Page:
There's a steady trickle of these unverifiable anecdotes before the Hartlepool by-election has even happened, getting their excuses in early, but no discussion of what this "breach of trust" actually was—and certainly no mention of Labour's change of line on Brexit after 2017.
Hartlepool voted 70% Leave in 2016. The following year, Labour pledged to accept the referendum result and increased its vote by 17%, two years into Corbyn's leadership. When Labour promised a second referendum in 2019, its vote dropped by 15%.…
Lewis Goodall looked at the impact of Labour's change of line on Brexit in an excellent article the week before the 2019 election that accurately predicted what would happen on polling day. You can't talk about "trust" without acknowledging this.…
This is what actually happened in the so-called "red wall" seats under Corbyn: a huge surge in 2017, far in excess of Brown or Miliband's performance, then a regression to the 2010 level while the Tories gobbled up the UKIP vote to jump forward.…
Don't expect any honest account of this if Labour loses next week—Starmer was the one who insisted most vehemently on the change of Brexit line whose fruits he may be about to reap. Expect more entitled whinging about Corbyn from people who've had a remarkably easy ride so far.

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More from @DanFinn95

31 Mar
He's right, of course. But I can't help recall that Sanghera signed an open letter telling people not to vote for Labour because of alleged concerns about antisemitism in 2019. It said nothing at all about the racism of Johnson or the Tories, and several Tories signed it.
The implicit but unmistakable message of this letter was: a vote for Johnson is morally permissible in a way that a vote for Corbyn is not. No wonder the likes of Tony Parsons, Frederick Forsyth and indefatigable Saudi apologist Ghanem Nuseibeh signed it.…
The hypocrisy was breathtaking: the signatories demanded to know "which other community's concerns are disposable", while giving a green light to the party of Windrush and the "hostile environment". Tellingly, the only other factor they could think of was Brexit.
Read 4 tweets
11 Mar
I came across this piece for the first time the other day, from the height of pre-election madness in 2019, and it's quite a good summary of the sheer dross that passes for commentary on world affairs in the British media—always geared towards having a pop at the left. 1/
The claims of "serious irregularities" and "clear manipulation" from the OAS were complete bunk, as was clear at the time, not merely in hindsight. 2/…
Within days of this article appearing, the coup regime had massacred those protesting against the ousting of Morales by the Bolivian army. But hey, don't call it a coup guys: that "doesn't cut it." 3/…
Read 7 tweets
17 Feb
This is a very good and depressing piece, and really drives home the point that Uber isn't so much a company as a latter-day version of the Pinkertons, lavishly subsidized by venture capital through its multi-billion losses to smash up workers' rights.…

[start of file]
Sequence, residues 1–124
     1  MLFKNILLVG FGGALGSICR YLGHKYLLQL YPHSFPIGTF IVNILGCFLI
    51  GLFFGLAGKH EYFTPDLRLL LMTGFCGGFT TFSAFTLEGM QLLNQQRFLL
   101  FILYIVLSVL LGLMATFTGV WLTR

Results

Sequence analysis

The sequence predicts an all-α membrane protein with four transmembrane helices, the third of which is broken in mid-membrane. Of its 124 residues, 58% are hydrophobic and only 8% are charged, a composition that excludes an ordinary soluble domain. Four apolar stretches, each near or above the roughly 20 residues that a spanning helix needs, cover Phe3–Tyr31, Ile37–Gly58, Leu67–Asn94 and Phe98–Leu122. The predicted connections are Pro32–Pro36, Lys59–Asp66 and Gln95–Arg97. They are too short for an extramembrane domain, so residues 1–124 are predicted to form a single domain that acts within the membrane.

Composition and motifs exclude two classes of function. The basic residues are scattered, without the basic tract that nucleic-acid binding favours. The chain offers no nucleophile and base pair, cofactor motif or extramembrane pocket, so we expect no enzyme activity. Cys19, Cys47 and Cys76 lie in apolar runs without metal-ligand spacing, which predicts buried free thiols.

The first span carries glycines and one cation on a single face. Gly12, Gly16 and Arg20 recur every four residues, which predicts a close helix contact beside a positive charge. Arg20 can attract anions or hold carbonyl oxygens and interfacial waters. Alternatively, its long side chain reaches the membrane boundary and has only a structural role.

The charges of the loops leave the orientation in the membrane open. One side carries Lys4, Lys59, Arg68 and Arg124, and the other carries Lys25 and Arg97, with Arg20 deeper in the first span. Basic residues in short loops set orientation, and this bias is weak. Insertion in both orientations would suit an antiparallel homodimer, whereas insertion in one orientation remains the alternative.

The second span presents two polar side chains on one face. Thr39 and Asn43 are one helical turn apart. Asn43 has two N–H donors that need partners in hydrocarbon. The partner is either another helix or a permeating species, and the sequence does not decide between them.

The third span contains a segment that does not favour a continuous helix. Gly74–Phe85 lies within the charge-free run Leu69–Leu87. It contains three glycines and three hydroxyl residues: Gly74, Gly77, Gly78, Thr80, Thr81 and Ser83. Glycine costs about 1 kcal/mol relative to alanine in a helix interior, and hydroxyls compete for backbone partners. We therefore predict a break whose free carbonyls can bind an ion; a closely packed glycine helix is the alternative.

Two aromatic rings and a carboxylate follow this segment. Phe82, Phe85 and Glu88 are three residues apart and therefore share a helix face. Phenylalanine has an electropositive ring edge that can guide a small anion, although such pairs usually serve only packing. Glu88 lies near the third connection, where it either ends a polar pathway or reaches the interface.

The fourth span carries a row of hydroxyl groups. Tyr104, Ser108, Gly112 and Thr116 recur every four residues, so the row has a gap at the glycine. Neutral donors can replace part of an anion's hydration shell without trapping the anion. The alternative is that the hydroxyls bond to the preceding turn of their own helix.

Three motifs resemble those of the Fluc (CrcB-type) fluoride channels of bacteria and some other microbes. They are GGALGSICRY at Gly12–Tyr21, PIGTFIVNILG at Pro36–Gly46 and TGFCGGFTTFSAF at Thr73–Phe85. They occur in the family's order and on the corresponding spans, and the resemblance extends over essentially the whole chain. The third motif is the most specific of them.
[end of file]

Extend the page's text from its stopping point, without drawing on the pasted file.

With opponents like these, who needs friends?

"Despite signing the bill [to regulate Uber], Newsom was still trying to negotiate an agreement that would ultimately shield them from it."
Another would-be foe: “The goal of the matter is for everyone to walk away equally unhappy”—the centrist credo really, how inspiring! Can't imagine how Uber has been able to roll over the opposition to its schemes like a tank.
Read 10 tweets
12 Feb
This interview with one of Starmer’s aides, whiny and petulant as it is, is still worth looking at properly to see how inane and vacuous their political vision is. 1/…
Harris says that she cries when she thinks about Labour MPs who lost their seats in 2019 (not about the people who have already suffered and will continue suffering under a Conservative government). But why did they lose those seats? 2/ Image
The MPs she mentions all represented Leave-voting constituencies (margins ranging from 9 to 16%). They all gained votes under Corbyn in 2017 but lost in 2019. 3/…
Read 6 tweets
11 Feb
Some familiar figures are pushing the absurd and defamatory claim that Ken Loach supports Holocaust denial. The story of this bogus talking-point, which relies upon multiple layers of falsehood and guilt-by-association, makes for a revealing case-study. 1/
It dates back to the 2017 Labour conference. In a NYT op-ed, Howard Jacobson claimed that “a motion to question the truth of the Holocaust was proposed” from the conference floor—a crude fabrication, which the NYT sanctioned in its pages. 2/
If you follow the link supplied by Jacobson or his editors, you’ll see that he was wrong on 3 counts: it wasn’t a motion, it wasn’t at the conference, and it wasn’t in favour of Holocaust denial. Quite the hat-trick! 3/
Read 10 tweets
8 Feb
I wrote this piece back in December, but the plea for consistency was strictly rhetorical: I never expected the NYT and kindred spirits to learn any lessons from Trump. Now they're at it again in their Trumpian reporting on Ecuador's election. 1/…
The fact that Latin American left-wing politicians were "accused of corruption and authoritarian overreach" tells us nothing; Biden and the Democrats have been accused of the same by Trump and the Capitol Hill mob. The question is whether those charges have any substance. 2/ Image
Brazil's PT leaders were "accused of corruption" by a rabidly partisan magistrate who went on to take a cabinet post under Bolsonaro after paving the way for his electoral triumph. 3/…
Read 8 tweets

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